Johnny Cash Bassist Marshall Grant Dies at 83

Johnny Cash Bassist Marshall Grant Dies at 83
Marshall Grant, Johnny Cash's bassist from 1954 to 1980, died in Jonesboro, AK last Sunday (August 12) after complications arising from an aneurysm and a stroke. He was 83.

The longtime musician was set to appear at the Johnny Cash Music Festival in Jonesboro last week to raise funds intended to restore Cash's boyhood home before falling ill. The concert, which took place on August 4, included performances from Kris Kristofferson, George Jones and Cash's children Roseanne and John.

"Marshall was supposed to give a speech, even play his bass on one song," Rosanne Cash told the L.A. Times. She also paid tribute to the beloved bassist with this quote to the Nashville Tennessean: "A solid, solid rock. I cannot imagine what would have happened on those tours without him. He understood how complicated my dad was, that he was a great musician who had real demons."

While Grant had participated in the rehearsal Wednesday afternoon (August 3), he was hospitalized later that night following an aneurysm.

Grant's career kicked off in the early '50s when he paired up with guitarist Luther Perkins to form the Tennessee Two. The duo first linked up with Cash in 1954 for the "Hey Porter"/"Cry, Cry, Cry" single. Some of the iconic hits that Grant played on include "Ring of Fire," "Folsom Prison Blues" and "I Walk the Line."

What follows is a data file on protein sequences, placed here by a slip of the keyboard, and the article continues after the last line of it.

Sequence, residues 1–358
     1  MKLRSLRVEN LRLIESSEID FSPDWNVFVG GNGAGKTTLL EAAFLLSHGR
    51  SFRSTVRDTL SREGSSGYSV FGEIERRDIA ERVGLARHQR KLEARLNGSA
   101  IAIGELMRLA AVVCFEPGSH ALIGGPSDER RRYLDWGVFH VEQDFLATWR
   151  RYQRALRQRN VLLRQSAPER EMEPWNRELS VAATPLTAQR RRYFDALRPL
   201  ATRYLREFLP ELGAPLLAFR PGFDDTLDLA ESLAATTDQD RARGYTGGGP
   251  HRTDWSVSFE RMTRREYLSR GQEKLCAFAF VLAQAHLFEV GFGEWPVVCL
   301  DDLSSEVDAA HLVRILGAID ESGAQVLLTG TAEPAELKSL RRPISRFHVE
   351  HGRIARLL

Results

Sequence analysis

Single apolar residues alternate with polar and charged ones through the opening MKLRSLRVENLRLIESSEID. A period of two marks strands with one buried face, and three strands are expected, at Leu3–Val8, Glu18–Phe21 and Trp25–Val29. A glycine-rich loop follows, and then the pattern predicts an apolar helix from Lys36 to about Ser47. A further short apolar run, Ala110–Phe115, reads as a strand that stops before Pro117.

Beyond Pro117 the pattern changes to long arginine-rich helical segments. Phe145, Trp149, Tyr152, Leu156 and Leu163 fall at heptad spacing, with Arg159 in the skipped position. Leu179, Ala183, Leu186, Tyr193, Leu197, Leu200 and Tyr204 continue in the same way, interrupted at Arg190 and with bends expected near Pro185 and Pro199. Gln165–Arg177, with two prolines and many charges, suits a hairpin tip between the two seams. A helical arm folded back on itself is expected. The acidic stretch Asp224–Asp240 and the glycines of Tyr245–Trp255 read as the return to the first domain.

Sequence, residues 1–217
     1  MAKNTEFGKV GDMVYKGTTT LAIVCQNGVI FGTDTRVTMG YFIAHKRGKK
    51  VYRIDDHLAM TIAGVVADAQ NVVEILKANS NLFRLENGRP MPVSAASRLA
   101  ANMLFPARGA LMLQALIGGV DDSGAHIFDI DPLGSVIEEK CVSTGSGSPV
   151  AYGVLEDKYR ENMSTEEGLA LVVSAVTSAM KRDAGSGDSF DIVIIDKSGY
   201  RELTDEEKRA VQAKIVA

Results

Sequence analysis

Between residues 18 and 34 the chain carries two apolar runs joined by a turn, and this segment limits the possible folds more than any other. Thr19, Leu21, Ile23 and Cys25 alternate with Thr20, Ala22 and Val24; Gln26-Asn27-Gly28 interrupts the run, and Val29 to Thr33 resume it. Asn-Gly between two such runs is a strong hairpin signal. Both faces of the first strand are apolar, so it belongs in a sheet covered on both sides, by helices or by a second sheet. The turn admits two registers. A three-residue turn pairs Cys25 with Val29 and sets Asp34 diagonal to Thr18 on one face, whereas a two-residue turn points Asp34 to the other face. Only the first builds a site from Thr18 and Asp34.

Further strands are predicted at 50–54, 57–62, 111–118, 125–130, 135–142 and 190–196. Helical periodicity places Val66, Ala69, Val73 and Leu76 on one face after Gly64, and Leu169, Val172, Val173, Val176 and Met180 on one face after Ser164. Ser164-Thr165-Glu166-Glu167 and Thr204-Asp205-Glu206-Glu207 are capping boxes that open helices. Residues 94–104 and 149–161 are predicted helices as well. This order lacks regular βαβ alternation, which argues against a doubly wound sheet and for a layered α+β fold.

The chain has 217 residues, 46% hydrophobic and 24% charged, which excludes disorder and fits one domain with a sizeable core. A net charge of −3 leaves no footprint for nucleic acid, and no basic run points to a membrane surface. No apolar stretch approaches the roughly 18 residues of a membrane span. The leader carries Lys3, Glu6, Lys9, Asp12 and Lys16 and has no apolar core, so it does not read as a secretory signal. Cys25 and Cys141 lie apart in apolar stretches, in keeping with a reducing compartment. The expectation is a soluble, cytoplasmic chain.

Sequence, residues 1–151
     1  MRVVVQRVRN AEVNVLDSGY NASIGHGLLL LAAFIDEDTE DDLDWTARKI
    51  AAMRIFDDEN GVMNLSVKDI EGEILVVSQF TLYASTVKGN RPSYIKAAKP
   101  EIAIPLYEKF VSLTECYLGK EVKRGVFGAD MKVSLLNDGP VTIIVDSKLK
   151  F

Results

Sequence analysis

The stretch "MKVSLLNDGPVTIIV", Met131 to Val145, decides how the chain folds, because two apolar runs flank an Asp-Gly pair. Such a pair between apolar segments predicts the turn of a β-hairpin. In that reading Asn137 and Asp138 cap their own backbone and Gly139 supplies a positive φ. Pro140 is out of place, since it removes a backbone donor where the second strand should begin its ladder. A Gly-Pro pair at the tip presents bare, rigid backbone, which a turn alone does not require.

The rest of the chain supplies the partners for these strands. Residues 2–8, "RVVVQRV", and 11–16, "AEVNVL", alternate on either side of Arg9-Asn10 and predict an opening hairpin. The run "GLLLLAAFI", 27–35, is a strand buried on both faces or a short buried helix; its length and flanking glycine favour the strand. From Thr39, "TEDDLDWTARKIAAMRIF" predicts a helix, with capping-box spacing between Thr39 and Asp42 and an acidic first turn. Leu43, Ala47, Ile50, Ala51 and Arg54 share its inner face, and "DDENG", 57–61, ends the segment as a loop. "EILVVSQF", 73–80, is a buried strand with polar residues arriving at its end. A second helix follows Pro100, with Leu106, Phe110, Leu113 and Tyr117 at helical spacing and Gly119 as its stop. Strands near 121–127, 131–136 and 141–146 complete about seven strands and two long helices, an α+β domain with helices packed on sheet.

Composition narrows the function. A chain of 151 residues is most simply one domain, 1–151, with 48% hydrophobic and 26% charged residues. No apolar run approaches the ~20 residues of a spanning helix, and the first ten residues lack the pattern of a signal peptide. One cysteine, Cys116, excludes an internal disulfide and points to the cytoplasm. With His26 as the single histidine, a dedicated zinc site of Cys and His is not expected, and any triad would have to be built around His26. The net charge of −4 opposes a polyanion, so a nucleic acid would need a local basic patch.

Grant is credited with helping develop the famous "boom-chicka-boom" backdrop of many of Cash's classics. In a 2010 interview with the Commercial Appeal, the stand-up bassist explained how they came to the sound.

"Luther and I played the same notes on bass and lead guitar, and John with that old awkward lick that he had ... well, here come this god-awful sound. But we worked with it," Grant explained. "Before the night was over, he said, 'We could go from E to A to D and back.' Slap, hit. Slap, hit. Boom-chicka, boom-chicka, boom-chicka; and all of a sudden the sound of Johnny Cash and the Tennessee Two was born."

On top of gigging with Cash for the better part of 30 years, Grant served as the legendary country singer's tour manager. Following his exit from Cash's group, he managed fellow country legends the Statler Brothers before retiring from show business in 2002.

Grant also wrote about many of his experiences in his tome I Was There When It Happened: My Life With Johnny Cash. He is survived by his wife, Etta, and son, Randall.